Leave no trace.
If we get lost, we stay put and wait (hopefully to be found) and do not attempt to navigate the intricate tunnels ourselves.
And we’re off, guided by Mr. X and his gas lamp through tunnels that look like they could lead us to an ancient Egyptian crypt.
He’s marching at an extremely fast pace– this is not a leisurely stroll through the catacombs. If you don’t want find yourself lost in the darkness or knocked out in the damp sand, you keep your head low and your feet moving.
Some tunnels are marked with street signs indicating what roads we’re travelling underneath, but for the most part, it truly is a maze down here.
After some time (I have no idea how long because I’ve lost all sense of time ducking and diving at great haste through the darkness), we come to what seems like a dead end with a small window not much bigger than a cat door.
Well, it looks like we’ll have to turn back…
I’m ready to set off in the other direction when suddenly, I see this happen…
And in under fifteen seconds flat, Mr. X has wiggled his way to the other side.
Follow me, he says.
Yeah right, I say.
I’m sure you would love to see me wiggling my way through that hole but unfortunately, I struggled through first (crash landing on the other side) and Alex was behind me. Of course I took pleasure in capturing every elegant moment. Handstands in the catacombs. Who knew?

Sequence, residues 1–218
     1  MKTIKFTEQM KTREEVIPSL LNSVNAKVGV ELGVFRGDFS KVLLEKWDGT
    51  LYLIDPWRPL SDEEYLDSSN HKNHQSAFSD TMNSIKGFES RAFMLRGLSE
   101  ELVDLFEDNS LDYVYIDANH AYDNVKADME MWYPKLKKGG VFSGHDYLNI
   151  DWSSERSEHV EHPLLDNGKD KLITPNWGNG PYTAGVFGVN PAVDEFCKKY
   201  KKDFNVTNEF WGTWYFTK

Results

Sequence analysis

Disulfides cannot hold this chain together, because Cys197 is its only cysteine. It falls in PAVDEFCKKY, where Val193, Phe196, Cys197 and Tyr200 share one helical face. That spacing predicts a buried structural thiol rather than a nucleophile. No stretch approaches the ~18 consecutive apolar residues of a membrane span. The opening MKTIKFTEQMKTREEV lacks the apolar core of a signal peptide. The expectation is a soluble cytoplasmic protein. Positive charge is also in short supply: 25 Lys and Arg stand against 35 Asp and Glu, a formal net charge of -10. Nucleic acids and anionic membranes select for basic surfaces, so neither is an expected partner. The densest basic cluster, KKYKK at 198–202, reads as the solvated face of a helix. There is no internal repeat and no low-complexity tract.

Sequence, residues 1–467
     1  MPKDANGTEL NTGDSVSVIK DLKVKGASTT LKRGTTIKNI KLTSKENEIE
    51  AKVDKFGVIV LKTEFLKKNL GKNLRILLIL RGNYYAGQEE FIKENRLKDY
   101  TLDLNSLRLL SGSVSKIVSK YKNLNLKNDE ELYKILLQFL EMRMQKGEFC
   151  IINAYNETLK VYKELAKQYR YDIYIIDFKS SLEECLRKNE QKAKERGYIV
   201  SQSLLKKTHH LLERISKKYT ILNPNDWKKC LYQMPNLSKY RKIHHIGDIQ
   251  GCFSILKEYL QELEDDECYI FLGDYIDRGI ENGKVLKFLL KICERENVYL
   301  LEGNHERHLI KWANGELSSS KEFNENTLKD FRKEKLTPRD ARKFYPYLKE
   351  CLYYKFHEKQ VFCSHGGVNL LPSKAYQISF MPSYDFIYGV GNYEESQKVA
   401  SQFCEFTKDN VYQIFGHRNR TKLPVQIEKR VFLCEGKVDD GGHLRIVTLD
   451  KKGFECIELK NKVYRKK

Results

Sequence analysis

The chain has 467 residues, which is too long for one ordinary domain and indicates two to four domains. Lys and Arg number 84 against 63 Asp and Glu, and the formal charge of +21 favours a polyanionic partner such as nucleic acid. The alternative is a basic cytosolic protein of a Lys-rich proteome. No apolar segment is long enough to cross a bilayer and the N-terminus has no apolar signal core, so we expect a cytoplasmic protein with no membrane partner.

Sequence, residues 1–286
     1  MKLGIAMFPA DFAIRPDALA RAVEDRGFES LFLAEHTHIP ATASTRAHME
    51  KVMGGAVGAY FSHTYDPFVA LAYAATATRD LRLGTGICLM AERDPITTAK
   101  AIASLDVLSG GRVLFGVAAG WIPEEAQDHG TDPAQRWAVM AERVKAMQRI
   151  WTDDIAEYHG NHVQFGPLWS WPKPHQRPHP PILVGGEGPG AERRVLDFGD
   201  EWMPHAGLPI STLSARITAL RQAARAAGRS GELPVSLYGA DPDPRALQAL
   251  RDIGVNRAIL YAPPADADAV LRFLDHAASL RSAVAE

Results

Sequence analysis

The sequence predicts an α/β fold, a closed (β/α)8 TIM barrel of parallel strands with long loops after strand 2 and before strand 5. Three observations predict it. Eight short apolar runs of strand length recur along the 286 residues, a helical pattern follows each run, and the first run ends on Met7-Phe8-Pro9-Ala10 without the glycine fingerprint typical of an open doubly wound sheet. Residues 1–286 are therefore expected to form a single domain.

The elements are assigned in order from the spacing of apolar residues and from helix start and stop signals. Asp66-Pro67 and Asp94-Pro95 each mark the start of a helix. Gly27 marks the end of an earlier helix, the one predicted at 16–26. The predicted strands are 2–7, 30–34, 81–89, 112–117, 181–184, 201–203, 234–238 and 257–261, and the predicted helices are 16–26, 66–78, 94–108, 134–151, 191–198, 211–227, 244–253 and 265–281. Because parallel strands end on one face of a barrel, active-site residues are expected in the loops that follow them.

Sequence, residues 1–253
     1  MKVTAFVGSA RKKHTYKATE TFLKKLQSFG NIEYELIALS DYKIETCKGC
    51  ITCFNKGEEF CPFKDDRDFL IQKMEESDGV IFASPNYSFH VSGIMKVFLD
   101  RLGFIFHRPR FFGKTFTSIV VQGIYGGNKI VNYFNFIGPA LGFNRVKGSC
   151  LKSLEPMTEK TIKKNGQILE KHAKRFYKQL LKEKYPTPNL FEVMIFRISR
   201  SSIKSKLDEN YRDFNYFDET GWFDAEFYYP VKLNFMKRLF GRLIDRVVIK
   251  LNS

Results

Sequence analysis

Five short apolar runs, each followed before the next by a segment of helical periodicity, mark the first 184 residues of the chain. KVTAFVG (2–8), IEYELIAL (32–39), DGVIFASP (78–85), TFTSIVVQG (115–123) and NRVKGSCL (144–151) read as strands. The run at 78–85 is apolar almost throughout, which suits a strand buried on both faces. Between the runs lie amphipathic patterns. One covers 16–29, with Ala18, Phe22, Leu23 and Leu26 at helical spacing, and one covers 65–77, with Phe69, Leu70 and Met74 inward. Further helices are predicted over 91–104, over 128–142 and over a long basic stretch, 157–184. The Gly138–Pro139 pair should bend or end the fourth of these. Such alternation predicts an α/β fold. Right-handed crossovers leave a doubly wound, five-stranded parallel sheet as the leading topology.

After all seven of us in the group have wiggled our way through, we decide it’s high time we have some dinner and settle in a grotto carved out by someone of this time or another.
At the entrance of the grotto, this hanging doll … or shall we call it “art installation”, serves as a reminder that although we might be about to bring out the red wine in our cozy candlelit cave, one should never feel as if they can be totally at ease in the catacombs…
Although you can still do “Bio” ↑ (organic) in the catacombs, mais naturellement!
We feast on an interesting mix of dry figs, saucisson, organic peanut butter and nutella with crackers. And of course, the vino.
But the night is young and there is no time to waste. After exchanging a few stories in the candlelight, we’re on our feet once again in search of an old bunker.
Mr. X doesn’t disappoint, and after a few slips and slides deeper into the damp catacomb tunnels, we find the old disused air raid bunker which lies directly under a post office above ground.
It’s a vast and impressive space, the perfect canvas for (sub) street artists. Time to light our torches…
The dual staircase must eventually lead to a door somewhere in the post office that most employees just assume is the janitor’s closet.